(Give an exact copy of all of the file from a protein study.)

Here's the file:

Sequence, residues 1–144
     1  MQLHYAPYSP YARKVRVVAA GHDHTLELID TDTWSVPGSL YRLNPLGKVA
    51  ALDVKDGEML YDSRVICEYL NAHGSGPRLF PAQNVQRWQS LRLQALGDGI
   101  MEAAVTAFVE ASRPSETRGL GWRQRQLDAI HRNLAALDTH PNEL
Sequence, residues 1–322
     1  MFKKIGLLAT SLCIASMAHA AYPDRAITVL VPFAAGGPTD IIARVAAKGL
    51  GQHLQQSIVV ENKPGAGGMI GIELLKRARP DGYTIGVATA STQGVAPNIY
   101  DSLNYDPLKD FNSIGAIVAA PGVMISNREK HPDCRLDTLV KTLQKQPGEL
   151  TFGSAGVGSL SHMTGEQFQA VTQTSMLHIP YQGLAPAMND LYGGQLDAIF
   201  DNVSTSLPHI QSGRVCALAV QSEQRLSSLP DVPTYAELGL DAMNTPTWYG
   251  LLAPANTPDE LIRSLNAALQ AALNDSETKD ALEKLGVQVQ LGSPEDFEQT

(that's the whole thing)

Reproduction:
Sequence, residues 1–144
     1  MQLHYAPYSP YARKVRVVAA GHDHTLELID TDTWSVPGSL YRLNPLGKVA
    51  ALDVKDGEML YDSRVICEYL NAHGSGPRLF PAQNVQRWQS LRLQALGDGI
   101  MEAAVTAFVE ASRPSETRGL GWRQRQLDAI HRNLAALDTH PNEL
Sequence, residues 1–322
     1  MFKKIGLLAT SLCIASMAHA AYPDRAITVL VPFAAGGPTD IIARVAAKGL
    51  GQHLQQSIVV ENKPGAGGMI GIELLKRARP DGYTIGVATA STQGVAPNIY
   101  DSLNYDPLKD FNSIGAIVAA PGVMISNREK HPDCRLDTLV KTLQKQPGEL
   151  TFGSAGVGSL SHMTGEQFQA VTQTSMLHIP YQGLAPAMND LYGGQLDAIF
   201  DNVSTSLPHI QSGRVCALAV QSEQRLSSLP DVPTYAELGL DAMNTPTWYG
   251  LLAPANTPDE LIRSLNAALQ AALNDSETKD ALEKLGVQVQ LGSPEDFEQT